Portugal sets record-low global solar price; California probes power mix after heatwave woes
Our pick of the latest solar news you need to know.
Portugal solar auction sets record price, secures storage
Spanish company Enerland bid a new record low price of 11.1 euros/MWh ($13.2/MWh) in Portugal's latest solar auction, for a 10 MW project, according to media reports.
Enerland's bid pips the record $13.5/MWh tariff set by the giant 2 GW Al Dhafra project in Abu Dhabi in April and was 24% lower than the lowest price recorded in Portugal's previous auction in June 2019.
Solar technology costs are continuing to fall and the sites allocated in Portugal's tender are located in the south where solar irradiance is high.
South Korean solar manufacturer Hanwha Q Cells won the most capacity in the auction, securing 315 MW of the 700 MW on offer. The other auction winners were Spanish utility Iberdrola, Enel's Spanish subsidiary Endesa, developer Audax and Germany's TAG Energy.
Hanwha, Endesa and Iberdrola included storage in their bids, media reported, and will be paid a fixed premium for dispatch flexibility.
The intense price competition comes amid soaring activity in Spain, Portugal's closest neighbour. Spain is forecast to install around 4 GW of new solar capacity per year for the next five years as developers race to meet auction deadlines and falling costs spur unsubsidised projects.
California to review generation stack after heatwave cuts supply
California's power agencies will review power procurement plans and demand forecasting processes after a mid-August heatwave led to rotating power interruptions across the state.
California grid operator CAISO urged consumers to conserve electricity during afternoon and evening periods. Issues included unplanned stoppages of gas-fired plants, swinging wind resources and a lack of imports from neighbouring states suffering similar temperatures.
California's vast solar fleet is unable to meet power demand after sundown, requiring significant gas-fired generation. California has around 28 GW of installed solar capacity, including 13.4 GW utility-scale, 7.0 GW of wind capacity and 4.2 GW of energy storage capacity, mainly pumped hydro. Peak power load surpassed 46 GW during the heatwave.
California summer 2020 max on-peak power generation by type
Source: CAISO's Summer Loads and Resources Assessment, May 2020
"Our organizations want to be clear about one factor that did not cause the rotating outage: California's commitment to clean energy," the California Public Utilities Commission (CPUC), CAISO and California Energy Commission (CEC), said in a joint letter to Governor Gavin Newsom on August 19.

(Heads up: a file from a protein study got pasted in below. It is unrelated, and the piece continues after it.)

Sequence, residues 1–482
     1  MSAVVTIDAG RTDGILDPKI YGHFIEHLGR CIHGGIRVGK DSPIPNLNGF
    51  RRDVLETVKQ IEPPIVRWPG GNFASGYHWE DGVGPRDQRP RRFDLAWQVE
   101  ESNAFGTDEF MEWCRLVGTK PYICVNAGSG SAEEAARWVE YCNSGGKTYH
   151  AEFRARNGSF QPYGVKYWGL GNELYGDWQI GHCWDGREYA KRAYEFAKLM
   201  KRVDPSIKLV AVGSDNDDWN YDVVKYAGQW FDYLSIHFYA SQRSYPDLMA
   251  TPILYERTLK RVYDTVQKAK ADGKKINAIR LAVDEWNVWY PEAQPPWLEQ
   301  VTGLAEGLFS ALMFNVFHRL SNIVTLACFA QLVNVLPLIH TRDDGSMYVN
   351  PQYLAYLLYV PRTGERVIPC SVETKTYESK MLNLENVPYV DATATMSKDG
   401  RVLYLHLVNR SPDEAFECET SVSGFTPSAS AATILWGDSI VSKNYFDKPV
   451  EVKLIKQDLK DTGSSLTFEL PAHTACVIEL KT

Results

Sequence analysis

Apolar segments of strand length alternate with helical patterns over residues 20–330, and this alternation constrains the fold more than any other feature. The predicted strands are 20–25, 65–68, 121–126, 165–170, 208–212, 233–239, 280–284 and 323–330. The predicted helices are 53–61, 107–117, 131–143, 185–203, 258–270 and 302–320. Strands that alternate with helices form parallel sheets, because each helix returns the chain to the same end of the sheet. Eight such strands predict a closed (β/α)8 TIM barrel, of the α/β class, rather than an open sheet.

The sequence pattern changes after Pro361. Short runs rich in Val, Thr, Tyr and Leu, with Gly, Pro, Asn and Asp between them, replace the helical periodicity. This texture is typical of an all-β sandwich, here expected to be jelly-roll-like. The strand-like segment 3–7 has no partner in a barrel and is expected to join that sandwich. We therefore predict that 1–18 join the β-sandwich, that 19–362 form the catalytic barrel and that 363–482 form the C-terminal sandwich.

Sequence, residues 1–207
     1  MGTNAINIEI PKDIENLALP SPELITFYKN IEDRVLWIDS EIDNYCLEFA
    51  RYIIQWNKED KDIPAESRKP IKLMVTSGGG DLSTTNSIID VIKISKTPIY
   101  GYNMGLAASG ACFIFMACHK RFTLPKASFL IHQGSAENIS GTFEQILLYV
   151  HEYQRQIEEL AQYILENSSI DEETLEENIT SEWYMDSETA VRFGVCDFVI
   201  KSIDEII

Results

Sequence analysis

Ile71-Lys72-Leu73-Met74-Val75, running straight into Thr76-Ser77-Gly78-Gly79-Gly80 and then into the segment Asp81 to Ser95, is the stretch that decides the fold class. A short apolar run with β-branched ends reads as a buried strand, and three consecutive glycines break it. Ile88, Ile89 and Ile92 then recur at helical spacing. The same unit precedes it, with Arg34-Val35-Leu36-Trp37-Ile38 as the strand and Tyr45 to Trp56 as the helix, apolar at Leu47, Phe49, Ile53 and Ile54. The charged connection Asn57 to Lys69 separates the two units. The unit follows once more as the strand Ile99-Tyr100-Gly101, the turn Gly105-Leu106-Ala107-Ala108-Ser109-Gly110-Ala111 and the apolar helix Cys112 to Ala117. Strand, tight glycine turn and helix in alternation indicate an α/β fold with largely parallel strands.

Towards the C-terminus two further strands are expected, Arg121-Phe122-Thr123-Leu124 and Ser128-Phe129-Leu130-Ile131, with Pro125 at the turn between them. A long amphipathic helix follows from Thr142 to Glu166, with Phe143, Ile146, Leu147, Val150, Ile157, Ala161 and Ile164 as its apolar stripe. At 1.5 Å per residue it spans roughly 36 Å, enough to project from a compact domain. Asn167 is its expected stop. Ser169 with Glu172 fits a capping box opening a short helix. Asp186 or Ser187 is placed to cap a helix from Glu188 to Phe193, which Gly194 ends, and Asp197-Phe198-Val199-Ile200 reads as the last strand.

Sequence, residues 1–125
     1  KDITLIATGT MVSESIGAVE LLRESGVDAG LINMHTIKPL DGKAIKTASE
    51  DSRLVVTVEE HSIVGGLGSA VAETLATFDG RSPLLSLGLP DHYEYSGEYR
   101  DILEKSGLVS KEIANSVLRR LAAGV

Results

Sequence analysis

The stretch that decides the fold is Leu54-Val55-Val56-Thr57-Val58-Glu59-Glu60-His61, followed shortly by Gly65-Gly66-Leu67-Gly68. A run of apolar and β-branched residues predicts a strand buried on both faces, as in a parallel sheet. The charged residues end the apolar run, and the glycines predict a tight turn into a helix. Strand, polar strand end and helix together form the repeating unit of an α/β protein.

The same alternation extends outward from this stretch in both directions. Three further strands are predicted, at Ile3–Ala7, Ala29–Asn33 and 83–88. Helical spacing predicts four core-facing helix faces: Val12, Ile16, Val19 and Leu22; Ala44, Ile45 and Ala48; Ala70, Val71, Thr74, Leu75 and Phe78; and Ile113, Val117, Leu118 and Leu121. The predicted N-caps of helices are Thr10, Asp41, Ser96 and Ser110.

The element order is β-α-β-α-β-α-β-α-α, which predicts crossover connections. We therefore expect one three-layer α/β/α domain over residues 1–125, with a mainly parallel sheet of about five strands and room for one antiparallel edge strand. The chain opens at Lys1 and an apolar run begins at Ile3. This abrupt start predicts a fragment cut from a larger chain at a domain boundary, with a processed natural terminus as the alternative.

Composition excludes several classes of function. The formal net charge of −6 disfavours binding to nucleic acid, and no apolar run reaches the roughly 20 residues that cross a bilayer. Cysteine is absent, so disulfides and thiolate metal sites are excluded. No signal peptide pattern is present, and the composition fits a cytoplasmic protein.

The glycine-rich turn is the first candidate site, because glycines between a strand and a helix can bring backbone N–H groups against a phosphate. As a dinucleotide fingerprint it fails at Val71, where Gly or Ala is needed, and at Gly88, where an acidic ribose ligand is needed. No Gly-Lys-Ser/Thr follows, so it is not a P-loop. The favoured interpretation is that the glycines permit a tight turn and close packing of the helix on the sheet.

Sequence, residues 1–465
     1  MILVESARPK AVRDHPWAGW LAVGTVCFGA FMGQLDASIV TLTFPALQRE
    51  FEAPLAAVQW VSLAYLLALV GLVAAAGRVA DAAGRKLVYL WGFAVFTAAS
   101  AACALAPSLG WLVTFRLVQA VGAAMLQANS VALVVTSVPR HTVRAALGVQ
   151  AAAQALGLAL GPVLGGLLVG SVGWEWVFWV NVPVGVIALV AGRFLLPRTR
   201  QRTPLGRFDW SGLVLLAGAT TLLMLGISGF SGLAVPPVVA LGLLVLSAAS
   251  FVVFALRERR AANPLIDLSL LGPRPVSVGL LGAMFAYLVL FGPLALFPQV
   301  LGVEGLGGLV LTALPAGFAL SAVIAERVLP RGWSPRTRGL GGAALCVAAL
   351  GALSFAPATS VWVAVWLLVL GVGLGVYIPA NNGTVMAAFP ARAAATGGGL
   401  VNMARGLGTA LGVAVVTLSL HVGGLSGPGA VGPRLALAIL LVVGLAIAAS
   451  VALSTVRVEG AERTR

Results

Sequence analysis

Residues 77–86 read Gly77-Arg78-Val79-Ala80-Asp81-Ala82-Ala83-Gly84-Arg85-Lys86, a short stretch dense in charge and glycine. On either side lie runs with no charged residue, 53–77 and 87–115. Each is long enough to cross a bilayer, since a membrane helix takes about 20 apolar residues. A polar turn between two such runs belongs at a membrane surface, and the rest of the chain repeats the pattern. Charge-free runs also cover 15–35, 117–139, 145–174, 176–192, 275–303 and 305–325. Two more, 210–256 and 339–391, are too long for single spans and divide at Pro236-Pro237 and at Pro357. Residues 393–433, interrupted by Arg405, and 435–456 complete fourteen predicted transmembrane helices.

"Clean energy and reliable energy are not contradictory goals," they said.
High system demand, unanticipated loss of supply, and low net import availability due to hot temperatures throughout the Western US created "untenable system conditions," the agencies said.
Going forward, state forecasting and planning reserves must better account for the fact that climate change will mean more heat storms and more volatile imports, the groups said.
"Our changing electricity system may need larger reserves," they said.
Last year, the CPUC ordered 3.3 GW of new capacity to come online by 2023 after identifying peak demand is occurring later in the day.
Capital Dynamics, Tenaska to develop 2 GW of storage in California
Capital Dynamics and Tenaska have agreed to jointly develop nine battery storage facilities in California to provide 2 GW of power to the Bay Area, Los Angeles and San Diego.
The projects aim to alleviate power shortages caused by growing renewable energy capacity, heatwaves and other local supply limitations, the companies announced August 19.
Tenaska has developed 10.5 GW of gas and renewable power projects, including two solar projects in Southern California in which Capital Dynamics is an investor.
In July, Capital Dynamics and Tenaska agreed to co-develop 4.8 GW of solar projects in the Midcontinent Independent System Operator (MISO) and Southeast Reliability Council (SERC) markets.
The deal includes 24 solar projects and follows a partnership between the groups in November 2018 for 2 GW of capacity in the MISO market, situated in the states of Michigan, Missouri, Illinois, Wisconsin, Indiana and Minnesota.
The July deal "represents a large share of solar projects currently in the MISO and SERC interconnection pipelines and further diversifies Capital Dynamics’ growing utility-scale solar power portfolio across seven new states," the company said.
US solar penetration by state
(Click image to enlarge)
Source: US National Renewable Energy Laboratory (NREL), Energy Information Administration (EIA)
Capital dynamics already owns several US battery storage projects. In August 2019, Capital Dynamics acquired the 180 MW solar/90 MW storage Townsite project in Nevada from Skylar Resources. The Townsite project is the first US solar plus storage project to secure fixed volume power purchase agreements (PPAs). Tenaska Power Services will provide energy management services, including sale and purchase of surplus or deficit merchant power and battery scheduling.
In October 2019, Spanish group Acciona acquired 3 GW of US PV projects and 1 GW of energy storage capacity being developed by Tenaska.
Acciona will work with Tenaska to complete the projects and plans to bring online eight of the plants, representing 1.5 GW of peak power capacity, by 2023, the company said.